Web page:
Rudy Giuliani: Trump ‘probably’ has the power to pardon himself

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Rudy Giuliani said Sunday that President Donald Trump should not testify in the Russian Federation probe because "our recollection keeps changing" about certain incidents that the special counsel Robert Mueller is investigating - particularly a now-infamous statement explaining a 2016 Trump Tower meeting.

Speaking on American ABC's This Week program, Mr Giuliani added: "It would be an open question".

The existence of the letter was first reported by the New York Times.

He stressed, though, that Trump had done nothing wrong.

Trump has issued a series of ever-sharper tweets attacking the Mueller probe as politically motivated and insisting there was "no collusion" between his campaign team and Russian Federation.

Apart from this primary claim of unreviewable power over criminal investigations, the 2018 letter makes a number of remarkable, and sometimes very questionable, assertions.

Speaking on CNN, former USA attorney Pretty Bharara said: "It would be outrageous" for a sitting president to pardon himself.

Auto drives onto ME field during baseball game, 1 man killed
He said he had been in an accident, but in Volney, New York, where he said he hit a guard post, the release states. On its own Facebook, page, the Sanford Maine Little League organization expressed sorrow at the incident.

President Donald Trump's personal lawyer made the bold claim that even if the president committed murder he still could not be indicted for his crime.

However, Trump's legal team has been reluctant to allow such an interview out of concern that prosecutors could use the president's words against him.

"He could, if he wished, terminate the inquiry, or even exercise his power to pardon if he so desired."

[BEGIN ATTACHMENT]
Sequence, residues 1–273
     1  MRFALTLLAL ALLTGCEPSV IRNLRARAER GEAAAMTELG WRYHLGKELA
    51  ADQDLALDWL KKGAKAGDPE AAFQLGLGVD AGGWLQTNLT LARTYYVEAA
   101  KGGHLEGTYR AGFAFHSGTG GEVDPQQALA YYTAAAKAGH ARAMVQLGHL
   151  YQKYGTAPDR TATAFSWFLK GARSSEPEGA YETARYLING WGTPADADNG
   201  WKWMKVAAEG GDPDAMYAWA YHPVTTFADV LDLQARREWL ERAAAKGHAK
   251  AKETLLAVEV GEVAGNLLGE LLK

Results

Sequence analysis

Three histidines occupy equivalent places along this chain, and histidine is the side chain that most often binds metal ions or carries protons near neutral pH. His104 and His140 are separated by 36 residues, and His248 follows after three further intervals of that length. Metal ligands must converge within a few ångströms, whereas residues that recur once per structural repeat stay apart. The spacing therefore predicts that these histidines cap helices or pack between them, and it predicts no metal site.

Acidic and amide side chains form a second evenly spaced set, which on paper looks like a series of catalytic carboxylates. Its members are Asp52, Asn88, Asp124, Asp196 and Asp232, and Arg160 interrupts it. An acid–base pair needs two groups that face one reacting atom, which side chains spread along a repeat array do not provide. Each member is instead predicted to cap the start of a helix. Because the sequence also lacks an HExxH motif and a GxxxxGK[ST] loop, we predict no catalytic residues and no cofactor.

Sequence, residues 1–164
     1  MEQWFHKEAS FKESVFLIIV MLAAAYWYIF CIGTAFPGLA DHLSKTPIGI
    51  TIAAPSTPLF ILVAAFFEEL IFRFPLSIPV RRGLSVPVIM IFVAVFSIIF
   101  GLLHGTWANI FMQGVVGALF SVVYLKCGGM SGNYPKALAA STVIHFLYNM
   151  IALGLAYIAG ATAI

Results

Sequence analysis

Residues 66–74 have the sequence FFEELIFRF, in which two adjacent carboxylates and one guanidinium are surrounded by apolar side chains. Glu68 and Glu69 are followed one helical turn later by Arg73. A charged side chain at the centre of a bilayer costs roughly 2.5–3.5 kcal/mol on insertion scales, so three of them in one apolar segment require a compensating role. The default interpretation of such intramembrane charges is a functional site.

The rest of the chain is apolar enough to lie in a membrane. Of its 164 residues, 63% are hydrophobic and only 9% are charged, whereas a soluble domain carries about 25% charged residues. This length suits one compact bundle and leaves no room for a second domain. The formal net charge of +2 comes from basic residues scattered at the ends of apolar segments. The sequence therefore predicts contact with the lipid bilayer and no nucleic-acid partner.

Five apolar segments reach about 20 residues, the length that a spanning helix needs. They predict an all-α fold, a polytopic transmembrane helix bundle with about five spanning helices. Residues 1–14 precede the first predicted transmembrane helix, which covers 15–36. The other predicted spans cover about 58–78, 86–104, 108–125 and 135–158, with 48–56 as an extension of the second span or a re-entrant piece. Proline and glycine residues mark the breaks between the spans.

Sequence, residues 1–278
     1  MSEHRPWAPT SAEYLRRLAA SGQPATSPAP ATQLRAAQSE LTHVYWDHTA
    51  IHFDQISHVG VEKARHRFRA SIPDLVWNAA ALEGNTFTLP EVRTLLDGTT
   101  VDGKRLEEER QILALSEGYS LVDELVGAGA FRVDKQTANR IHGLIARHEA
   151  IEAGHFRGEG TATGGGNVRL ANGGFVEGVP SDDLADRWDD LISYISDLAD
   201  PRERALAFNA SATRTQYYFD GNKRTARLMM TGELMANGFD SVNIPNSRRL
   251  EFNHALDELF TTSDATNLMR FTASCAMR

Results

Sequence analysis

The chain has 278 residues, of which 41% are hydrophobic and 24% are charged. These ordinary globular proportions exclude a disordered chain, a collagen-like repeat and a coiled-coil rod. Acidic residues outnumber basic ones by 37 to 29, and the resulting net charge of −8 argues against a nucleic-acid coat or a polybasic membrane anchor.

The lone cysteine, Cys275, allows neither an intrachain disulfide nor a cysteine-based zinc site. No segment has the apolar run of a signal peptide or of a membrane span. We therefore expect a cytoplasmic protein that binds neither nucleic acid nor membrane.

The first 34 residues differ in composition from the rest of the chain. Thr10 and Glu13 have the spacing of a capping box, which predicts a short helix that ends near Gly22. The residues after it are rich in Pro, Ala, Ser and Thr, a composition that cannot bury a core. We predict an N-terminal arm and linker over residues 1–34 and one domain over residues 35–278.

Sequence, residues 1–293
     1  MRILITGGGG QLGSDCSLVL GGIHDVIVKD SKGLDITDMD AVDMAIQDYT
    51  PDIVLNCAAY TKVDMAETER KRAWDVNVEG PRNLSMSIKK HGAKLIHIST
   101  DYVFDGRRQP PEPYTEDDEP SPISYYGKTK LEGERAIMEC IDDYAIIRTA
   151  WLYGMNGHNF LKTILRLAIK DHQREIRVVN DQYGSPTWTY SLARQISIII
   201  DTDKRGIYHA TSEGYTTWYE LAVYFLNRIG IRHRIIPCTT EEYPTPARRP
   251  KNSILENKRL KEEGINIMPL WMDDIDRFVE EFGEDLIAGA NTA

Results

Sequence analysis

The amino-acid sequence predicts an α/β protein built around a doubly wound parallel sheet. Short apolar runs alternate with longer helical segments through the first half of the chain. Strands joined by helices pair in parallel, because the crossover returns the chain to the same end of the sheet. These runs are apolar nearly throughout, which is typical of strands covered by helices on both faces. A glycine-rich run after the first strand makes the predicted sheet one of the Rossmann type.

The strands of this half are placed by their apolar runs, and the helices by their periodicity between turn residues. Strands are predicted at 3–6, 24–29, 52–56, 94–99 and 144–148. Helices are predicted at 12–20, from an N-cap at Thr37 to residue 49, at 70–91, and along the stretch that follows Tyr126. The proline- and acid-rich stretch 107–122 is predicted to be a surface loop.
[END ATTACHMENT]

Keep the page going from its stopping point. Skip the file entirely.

Pardoning other people is one thing. "He has no intention of pardoning himself, but he probably - not to say he can't". The president expressed dismay that, when still a candidate, he wasn't told that authorities were probing Paul Manafort, who was hired as Trump's campaign chairman.

You may watch Rudy Giuliani's full interview with NBC News' Meet the Press and Chuck Todd in the video player above. Turley said, though, that because an obstruction case hinges on intent, Trump might have a hard time convincing a judge that investigators could get that information without talking to him. If the president were to pardon himself, Trump would be impeached, he said. "I don't think a president should pardon themselves".

It is indeed. Robert Mueller is not going away.

Later on Sunday Trump tweeted that the Federal Bureau of Investigation should have informed him so that he would not have hired his former campaign manager Paul Manafort, who is currenlty under indictment by the special counsel for conspiracy, money laundering, financial, and making false statements charges - among others. I know based on presidential rulings, meaning the discretion of the president, Justice Department is given a certain amount of independence.

Those opinions, though, are not the same as a court decision, nor do they rule out a president being forced to testify.